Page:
Changing Fashion: A Critical Introduction to Trend Analysis and Meaning PDF by Annette Lynch, Mitchell Strauss


Changing Fashion: A Critical Introduction to Trend Analysis and Meaning
By Annette Lynch, Mitchell Strauss

Changing Fashion - A Critical Introduction to Trend Analysis and Cultural Meaning


Acknowledgments ix
1 Fashion Change in the New Millennium:
An Introduction 1
2 Fashion and the Self 13
3 Fashion Change as Search for Meaning 35
4 Fashion as Collective Behavior 57
5 Style: The Endless Desire for a New Look 81
6 Fashion as Performance 103
7 Fashion as Cycle 127
8 Millennium Dress History:
Artifacts as Harbingers of Change 151
9 Fashion Change – Binding the Threads Together 165
References 171
Index 183

Fashion Change in the New Millennium: An Introduction
Raised as a Roman Catholic, Madonna adopted the Hebrew name Esther . . . Madonna’s interest in Kabbalah has been covered intensely by the media. She gained a surge in sales of Kabbalah red string bracelets, a red string or stonestudded bracelet used to ward of evil. She reportedly refused to work on Friday night and Saturday, the Jewish Sabbath. Awareness of the Kabbalah Center has grown considerably.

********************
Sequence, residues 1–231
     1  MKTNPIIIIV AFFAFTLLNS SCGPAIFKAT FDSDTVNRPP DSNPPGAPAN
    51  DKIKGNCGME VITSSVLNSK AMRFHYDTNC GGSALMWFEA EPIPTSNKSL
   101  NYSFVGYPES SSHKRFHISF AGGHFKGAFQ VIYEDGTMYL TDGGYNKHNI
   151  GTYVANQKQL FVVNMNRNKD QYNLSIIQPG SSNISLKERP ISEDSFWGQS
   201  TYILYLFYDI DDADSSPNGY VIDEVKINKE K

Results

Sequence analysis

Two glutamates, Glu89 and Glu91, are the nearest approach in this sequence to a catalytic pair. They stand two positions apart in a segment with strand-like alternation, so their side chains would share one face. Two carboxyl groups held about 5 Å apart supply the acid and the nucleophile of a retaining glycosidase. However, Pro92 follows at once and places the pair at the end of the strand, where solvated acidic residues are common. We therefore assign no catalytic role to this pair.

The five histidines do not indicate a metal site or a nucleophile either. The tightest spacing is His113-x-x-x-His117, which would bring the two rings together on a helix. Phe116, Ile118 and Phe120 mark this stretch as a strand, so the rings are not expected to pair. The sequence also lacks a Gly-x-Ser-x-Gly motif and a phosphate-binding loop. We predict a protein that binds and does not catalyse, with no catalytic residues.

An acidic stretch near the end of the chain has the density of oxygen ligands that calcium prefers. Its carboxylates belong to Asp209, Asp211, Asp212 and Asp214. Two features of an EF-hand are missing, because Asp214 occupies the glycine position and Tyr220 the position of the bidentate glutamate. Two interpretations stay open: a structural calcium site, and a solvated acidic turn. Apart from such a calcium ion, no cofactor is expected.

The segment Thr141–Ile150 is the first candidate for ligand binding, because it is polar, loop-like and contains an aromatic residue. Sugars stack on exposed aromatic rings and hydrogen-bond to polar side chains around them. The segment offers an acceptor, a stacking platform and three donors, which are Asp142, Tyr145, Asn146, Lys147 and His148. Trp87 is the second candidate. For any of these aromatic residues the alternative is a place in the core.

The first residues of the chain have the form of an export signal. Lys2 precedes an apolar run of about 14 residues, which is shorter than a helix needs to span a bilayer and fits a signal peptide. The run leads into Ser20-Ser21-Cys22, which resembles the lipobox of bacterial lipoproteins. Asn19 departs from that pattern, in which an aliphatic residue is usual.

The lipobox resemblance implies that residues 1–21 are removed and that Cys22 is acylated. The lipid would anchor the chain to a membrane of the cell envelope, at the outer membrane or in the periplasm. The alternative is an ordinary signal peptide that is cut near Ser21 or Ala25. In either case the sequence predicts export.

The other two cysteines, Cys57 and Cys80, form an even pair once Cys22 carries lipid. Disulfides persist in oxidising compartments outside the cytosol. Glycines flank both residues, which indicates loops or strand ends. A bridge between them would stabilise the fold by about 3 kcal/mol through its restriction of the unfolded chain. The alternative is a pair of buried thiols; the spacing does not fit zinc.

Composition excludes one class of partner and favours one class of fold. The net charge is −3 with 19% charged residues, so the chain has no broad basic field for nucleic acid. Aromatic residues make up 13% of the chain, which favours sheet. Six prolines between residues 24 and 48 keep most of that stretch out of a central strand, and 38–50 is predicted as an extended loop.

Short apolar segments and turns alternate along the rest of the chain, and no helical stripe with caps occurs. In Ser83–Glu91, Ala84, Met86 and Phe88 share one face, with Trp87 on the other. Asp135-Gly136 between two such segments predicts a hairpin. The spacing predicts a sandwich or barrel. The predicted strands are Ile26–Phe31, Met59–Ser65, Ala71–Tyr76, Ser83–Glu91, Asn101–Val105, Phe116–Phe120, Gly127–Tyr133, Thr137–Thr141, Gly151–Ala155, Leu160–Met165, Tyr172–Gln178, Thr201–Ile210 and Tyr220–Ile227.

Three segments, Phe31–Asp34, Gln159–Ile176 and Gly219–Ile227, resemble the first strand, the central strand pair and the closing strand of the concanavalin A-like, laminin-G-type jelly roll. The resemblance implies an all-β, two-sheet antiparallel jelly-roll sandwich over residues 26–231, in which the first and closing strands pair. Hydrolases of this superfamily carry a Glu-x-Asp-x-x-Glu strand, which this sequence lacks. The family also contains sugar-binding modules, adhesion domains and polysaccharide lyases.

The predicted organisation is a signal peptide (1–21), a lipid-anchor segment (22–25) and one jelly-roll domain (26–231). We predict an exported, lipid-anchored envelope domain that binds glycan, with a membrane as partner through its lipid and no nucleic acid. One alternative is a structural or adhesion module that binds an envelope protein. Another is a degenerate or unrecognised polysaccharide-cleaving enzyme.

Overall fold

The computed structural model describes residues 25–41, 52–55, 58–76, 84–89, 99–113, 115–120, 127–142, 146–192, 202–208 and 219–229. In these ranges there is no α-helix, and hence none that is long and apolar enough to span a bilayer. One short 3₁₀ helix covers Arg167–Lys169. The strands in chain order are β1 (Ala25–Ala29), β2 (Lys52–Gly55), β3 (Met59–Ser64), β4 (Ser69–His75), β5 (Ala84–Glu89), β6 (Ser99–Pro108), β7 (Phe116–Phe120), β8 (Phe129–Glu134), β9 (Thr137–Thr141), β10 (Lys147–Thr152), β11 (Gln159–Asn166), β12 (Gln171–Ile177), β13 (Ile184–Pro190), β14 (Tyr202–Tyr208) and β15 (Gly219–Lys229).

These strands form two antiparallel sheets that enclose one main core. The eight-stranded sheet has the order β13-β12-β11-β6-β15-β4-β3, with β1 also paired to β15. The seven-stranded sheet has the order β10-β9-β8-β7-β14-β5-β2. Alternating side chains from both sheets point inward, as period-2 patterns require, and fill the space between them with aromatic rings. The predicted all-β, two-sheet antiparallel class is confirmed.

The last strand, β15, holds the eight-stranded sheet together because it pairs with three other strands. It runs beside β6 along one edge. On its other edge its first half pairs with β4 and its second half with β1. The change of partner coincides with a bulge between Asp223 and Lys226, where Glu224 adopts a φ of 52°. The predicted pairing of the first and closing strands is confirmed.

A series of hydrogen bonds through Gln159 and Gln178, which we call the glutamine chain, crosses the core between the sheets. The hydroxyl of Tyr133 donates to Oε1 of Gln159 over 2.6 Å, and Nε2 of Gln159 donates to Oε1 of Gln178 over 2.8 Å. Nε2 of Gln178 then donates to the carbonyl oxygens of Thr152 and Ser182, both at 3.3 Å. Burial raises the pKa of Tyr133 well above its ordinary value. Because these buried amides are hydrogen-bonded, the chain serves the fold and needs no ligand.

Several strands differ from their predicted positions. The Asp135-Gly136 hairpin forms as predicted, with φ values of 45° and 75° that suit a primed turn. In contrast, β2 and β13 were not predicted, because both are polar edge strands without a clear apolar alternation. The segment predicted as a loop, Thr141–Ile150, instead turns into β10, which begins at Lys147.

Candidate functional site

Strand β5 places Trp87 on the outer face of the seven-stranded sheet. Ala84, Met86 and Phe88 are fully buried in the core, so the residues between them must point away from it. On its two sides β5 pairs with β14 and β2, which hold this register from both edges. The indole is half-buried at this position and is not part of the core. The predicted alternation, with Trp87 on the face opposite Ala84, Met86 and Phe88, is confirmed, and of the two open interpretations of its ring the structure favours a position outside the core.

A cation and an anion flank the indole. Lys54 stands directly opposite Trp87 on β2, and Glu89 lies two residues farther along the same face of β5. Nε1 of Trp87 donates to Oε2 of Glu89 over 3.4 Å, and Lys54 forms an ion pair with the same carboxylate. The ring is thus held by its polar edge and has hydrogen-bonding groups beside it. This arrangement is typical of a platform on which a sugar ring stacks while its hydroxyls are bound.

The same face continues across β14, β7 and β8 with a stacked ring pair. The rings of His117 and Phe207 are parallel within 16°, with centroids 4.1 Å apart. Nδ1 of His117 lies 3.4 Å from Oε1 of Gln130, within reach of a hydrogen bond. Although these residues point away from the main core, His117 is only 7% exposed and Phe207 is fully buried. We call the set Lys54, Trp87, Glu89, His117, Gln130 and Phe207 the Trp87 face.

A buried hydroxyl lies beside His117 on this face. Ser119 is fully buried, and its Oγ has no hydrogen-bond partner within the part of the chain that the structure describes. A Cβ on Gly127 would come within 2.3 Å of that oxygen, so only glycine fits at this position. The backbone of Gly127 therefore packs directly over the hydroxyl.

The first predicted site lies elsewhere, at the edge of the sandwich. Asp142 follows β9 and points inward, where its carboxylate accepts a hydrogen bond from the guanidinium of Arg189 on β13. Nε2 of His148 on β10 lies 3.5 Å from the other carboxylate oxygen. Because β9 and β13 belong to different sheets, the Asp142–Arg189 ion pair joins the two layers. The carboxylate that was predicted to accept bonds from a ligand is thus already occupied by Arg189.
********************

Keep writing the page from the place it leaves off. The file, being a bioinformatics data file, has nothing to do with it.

The cabala red string is one way she demonstrates it in public. It is considered a talisman to ward away negative influences. In some circles, it appears not to have an effect.

Madonna has been criticized for turning a serious, multi-thousand year old religious study into entertainment. But she claims she has chosen her new faith and is serious about its study. The Jewish Kabbalah has been practiced mainly by male rabbis in secret for centuries. Even the average Jew is unfamiliar with this mystical study of the religion. Madonna helped bring Kabbala into mainstream awareness.